Maryland State Senator Darkens Skin Tone Of Primary Challenger In Campaign Mailer

The Democratic primary for a state senate seat in Maryland’s 39th district has been a “among the more spirited this year in Maryland.” However, the contest literally took a dark turn this week when incumbent State Sen. Nancy King (D) sent out a campaign mailer “deliberately darkening” the skin tone of her primary challenger Saqib Ali.

The mailer, first obtained by Maryland Politics Watch, features two images of the candidate — one that appears to be a real photograph of Ali and a replica of that image that has been vertically flipped and darkened. “Every aspect” of the altered image of Ali — “his hair, his skin, his five-o’clock shadow, his tie and his suit — is darker”:

The campaign then chose to enlarge the darkened version of Ali later in the mailer.

King’s campaign manager Amy Yockus Hartman told the Huffington Post’s Amanda Terkel that “at no time, in any way whatsoever, did we, or would we, alter photos or attempt to insinuate anything about Delegate Saqib Ali other than the verified facts we have consistently laid out through this campaign.”


Montgomery County Councilmember Valerie Ervin (D), who “is neutral in the race between King and Ali,” is not buying King’s explanation. Ervin left a comment on Maryland Politics Watch’s post, stating “this is the second piece of mail that has left me wondering if Senator King has any idea how many people of color that she represents in her district.” Ali was equally bewildered by King’s denial, “because clearly, to the plain eye, it’s obvious the photo has been altered. Without a doubt. So it’s one of those cases when someone says the sky is purple.”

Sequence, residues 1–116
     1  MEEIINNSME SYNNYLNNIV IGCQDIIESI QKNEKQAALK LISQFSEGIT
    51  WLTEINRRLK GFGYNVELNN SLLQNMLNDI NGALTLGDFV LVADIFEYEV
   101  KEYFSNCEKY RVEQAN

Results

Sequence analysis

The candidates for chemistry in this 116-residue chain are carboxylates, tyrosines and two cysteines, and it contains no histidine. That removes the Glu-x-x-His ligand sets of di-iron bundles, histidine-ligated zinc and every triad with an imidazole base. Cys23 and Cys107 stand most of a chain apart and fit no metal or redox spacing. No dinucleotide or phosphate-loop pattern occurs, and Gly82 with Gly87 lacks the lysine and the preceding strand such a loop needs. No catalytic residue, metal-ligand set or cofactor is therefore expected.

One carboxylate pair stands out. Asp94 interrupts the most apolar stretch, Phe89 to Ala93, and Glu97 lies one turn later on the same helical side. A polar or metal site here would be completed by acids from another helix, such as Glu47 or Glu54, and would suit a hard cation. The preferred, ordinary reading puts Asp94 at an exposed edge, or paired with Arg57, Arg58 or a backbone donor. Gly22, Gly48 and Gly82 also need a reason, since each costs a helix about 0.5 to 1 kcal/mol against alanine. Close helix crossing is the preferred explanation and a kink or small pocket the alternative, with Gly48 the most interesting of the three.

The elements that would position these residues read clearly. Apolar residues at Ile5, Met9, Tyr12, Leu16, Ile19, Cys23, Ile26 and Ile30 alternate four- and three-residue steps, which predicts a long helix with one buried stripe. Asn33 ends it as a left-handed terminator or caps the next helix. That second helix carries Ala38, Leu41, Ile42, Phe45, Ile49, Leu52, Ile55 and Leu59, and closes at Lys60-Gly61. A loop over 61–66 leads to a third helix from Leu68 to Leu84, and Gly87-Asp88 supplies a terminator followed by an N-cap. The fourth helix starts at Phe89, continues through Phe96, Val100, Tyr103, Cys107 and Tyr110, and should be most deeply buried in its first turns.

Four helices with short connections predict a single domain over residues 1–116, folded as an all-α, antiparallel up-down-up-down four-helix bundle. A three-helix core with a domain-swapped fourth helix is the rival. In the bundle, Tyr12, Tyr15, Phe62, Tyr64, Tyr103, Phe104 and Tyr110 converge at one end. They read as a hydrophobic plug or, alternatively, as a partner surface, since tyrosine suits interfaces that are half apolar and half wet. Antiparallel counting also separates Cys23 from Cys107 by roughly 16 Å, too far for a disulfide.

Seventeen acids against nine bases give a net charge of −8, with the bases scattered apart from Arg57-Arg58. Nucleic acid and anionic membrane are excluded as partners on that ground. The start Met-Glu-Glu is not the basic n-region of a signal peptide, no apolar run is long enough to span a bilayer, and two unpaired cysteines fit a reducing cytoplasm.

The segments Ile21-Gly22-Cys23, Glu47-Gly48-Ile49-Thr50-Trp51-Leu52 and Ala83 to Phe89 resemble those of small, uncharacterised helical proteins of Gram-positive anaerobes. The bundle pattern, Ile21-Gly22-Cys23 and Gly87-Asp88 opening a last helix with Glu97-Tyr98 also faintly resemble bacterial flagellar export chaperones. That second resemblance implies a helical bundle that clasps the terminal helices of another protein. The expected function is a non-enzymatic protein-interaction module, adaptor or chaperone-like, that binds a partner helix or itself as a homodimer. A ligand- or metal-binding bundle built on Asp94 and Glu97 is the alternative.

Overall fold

Regardless of King’s intent, the alteration of skin tone has a clear impact on how people feel about candidates. A University of Chicago study last year showed that “people perceive lighter skin tone to be more representative of a candidate with whom they share political ideology than darker skin tone.” Even if an unknown candidate’s political affiliation is ambiguous, researchers found that voters “who saw a photo with darkened skin accompanying” an unknown candidate’s biography “reported that they were less likely to vote for this candidate.”